The topic of reparations for slavery is headed to Capitol Hill for its first hearing in more than a decade with writer Ta-Nehisi Coates and actor Danny Glover set to testify before a House panel.
The House Judiciary Subcommittee on the Constitution, Civil Rights and Civil Liberties is scheduled to hold the hearing next Wednesday, its stated purpose “to examine, through open and constructive discourse, the legacy of the Trans-Atlantic Slave Trade, its continuing impact on the community and the path to restorative justice.” The date of the hearing, June 19, coincides with Juneteenth, a cultural holiday commemorating the emancipation of enslaved blacks in America.
Former Democratic Rep. John Conyers of Michigan, the longtime sponsor of House Resolution 40, first proposed the measure calling for a study of reparations in 1989. Conyers reintroduced the bill every session until his resignation in 2017.
Texas Democratic Rep. Sheila Jackson Lee, the resolution’s new sponsor, introduced it earlier this year and pushed for next week’s hearing. House Speaker Nancy Pelosi said in February that she supports a reparations study, a topic that hasn’t been the subject of a House hearing since 2007.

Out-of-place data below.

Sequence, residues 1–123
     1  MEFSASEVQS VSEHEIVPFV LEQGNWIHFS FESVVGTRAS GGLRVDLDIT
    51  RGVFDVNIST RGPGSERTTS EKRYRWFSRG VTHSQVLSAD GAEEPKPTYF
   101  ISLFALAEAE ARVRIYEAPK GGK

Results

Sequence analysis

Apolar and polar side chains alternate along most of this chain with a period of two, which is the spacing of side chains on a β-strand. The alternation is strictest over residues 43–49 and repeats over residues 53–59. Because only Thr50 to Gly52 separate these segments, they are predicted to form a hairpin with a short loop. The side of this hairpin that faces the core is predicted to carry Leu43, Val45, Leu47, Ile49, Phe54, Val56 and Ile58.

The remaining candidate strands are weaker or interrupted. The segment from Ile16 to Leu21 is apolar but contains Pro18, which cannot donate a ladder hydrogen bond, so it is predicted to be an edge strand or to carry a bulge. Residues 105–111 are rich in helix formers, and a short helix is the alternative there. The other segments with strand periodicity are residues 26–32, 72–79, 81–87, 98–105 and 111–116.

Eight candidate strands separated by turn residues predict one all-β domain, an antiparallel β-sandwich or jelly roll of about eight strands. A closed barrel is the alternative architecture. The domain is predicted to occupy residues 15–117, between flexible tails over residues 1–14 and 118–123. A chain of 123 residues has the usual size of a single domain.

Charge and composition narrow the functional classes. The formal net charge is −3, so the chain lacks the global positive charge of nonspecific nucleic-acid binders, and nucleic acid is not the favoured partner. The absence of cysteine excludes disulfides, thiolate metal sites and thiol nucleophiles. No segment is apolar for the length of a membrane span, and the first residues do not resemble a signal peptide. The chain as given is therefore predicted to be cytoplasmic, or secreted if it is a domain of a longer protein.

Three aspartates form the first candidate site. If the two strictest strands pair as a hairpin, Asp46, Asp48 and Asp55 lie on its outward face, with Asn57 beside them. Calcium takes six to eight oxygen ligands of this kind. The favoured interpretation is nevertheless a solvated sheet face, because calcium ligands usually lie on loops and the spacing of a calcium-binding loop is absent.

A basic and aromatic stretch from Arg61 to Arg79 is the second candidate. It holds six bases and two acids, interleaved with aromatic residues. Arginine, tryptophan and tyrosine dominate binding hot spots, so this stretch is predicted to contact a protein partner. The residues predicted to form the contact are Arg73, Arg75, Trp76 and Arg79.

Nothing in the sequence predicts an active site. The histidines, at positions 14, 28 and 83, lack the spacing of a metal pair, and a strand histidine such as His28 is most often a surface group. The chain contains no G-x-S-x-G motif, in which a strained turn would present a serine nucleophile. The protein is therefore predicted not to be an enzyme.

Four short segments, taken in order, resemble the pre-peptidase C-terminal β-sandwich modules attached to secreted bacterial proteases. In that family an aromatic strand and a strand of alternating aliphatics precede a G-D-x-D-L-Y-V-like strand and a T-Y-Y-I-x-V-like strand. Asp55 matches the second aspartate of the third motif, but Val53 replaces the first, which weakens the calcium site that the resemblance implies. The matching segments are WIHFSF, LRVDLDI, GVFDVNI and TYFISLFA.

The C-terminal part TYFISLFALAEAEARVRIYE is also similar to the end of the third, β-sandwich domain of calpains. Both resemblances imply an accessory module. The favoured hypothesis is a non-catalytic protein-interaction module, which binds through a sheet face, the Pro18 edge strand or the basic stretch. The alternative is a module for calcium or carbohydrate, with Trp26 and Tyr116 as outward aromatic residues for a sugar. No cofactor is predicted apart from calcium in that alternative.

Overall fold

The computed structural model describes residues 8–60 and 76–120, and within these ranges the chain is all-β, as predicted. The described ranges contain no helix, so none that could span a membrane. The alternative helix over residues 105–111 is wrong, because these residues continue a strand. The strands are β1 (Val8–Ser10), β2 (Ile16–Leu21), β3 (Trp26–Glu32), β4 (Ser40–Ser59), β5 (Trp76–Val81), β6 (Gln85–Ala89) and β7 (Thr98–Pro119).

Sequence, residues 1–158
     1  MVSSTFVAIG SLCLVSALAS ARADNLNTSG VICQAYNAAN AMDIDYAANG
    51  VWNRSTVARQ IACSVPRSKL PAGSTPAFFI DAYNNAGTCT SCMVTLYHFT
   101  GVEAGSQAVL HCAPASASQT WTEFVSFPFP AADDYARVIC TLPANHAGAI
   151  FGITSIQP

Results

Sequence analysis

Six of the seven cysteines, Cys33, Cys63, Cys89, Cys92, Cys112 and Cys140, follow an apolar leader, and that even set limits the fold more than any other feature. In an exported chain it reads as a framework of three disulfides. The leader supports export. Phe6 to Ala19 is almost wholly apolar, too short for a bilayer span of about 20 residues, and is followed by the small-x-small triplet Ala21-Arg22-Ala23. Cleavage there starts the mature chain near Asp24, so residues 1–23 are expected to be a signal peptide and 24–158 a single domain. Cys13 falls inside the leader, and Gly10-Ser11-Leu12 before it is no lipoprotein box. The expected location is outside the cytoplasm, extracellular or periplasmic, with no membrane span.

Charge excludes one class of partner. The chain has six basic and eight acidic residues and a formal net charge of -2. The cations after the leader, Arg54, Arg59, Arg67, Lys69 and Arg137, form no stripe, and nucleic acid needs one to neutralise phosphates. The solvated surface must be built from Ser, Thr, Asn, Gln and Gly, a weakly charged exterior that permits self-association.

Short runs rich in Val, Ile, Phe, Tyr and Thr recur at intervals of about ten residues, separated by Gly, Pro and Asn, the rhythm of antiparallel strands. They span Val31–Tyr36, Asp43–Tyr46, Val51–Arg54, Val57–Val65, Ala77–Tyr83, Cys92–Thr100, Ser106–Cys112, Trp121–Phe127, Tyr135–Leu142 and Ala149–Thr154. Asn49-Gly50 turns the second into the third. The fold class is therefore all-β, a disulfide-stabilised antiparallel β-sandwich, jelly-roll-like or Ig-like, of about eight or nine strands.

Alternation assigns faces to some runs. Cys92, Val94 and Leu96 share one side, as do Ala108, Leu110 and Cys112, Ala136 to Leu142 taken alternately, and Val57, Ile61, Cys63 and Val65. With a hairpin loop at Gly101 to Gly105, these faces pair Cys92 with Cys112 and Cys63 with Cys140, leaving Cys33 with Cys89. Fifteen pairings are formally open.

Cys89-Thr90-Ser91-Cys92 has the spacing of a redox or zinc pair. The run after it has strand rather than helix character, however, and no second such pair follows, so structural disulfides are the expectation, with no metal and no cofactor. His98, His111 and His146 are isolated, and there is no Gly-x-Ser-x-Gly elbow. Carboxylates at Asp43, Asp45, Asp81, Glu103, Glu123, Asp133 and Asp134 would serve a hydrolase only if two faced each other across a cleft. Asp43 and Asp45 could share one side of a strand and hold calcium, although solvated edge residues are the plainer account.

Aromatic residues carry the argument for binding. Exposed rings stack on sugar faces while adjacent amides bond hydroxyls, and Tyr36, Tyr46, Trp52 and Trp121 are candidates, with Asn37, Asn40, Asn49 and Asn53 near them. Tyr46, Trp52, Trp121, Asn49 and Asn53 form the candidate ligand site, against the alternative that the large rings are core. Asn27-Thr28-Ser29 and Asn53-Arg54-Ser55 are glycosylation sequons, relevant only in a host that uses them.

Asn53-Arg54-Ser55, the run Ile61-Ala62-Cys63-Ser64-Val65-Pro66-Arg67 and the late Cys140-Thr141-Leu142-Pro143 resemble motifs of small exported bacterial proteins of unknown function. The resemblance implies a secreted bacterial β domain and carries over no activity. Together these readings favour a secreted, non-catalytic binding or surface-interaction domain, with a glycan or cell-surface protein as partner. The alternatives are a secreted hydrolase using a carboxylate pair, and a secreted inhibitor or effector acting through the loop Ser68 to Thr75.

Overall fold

Reparations had been a fringe issue and occasional punchline until Coates’ 2014 essay in The Atlantic, “The Case for Reparations,” thrust the topic back into the national discourse. Glover, an activist as well as the star of the “Lethal Weapon” movies and the classics “The Color Purple” and “A Rage in Harlem,” has spoken in favor of the issue for years.
In an interview with Coates as he prepared to leave office, President Barack Obama questioned the implementation of reparations, but not the concept. And in a conversation Coates had earlier this year with Rep. Alexandria Ocasio-Cortez, D-N.Y., the popular progressive endorsed reparations.
The reparations debate became part of the 2020 presidential race early, as several Democratic presidential primary candidates signaled their support for compensating the descendants of slaves, though not in the traditional sense of direct payouts to black Americans. Most have been vague on more specific ideas, but they have instead offered policies addressing economic inequality that could disproportionately benefit blacks.
by Errin Haines Whack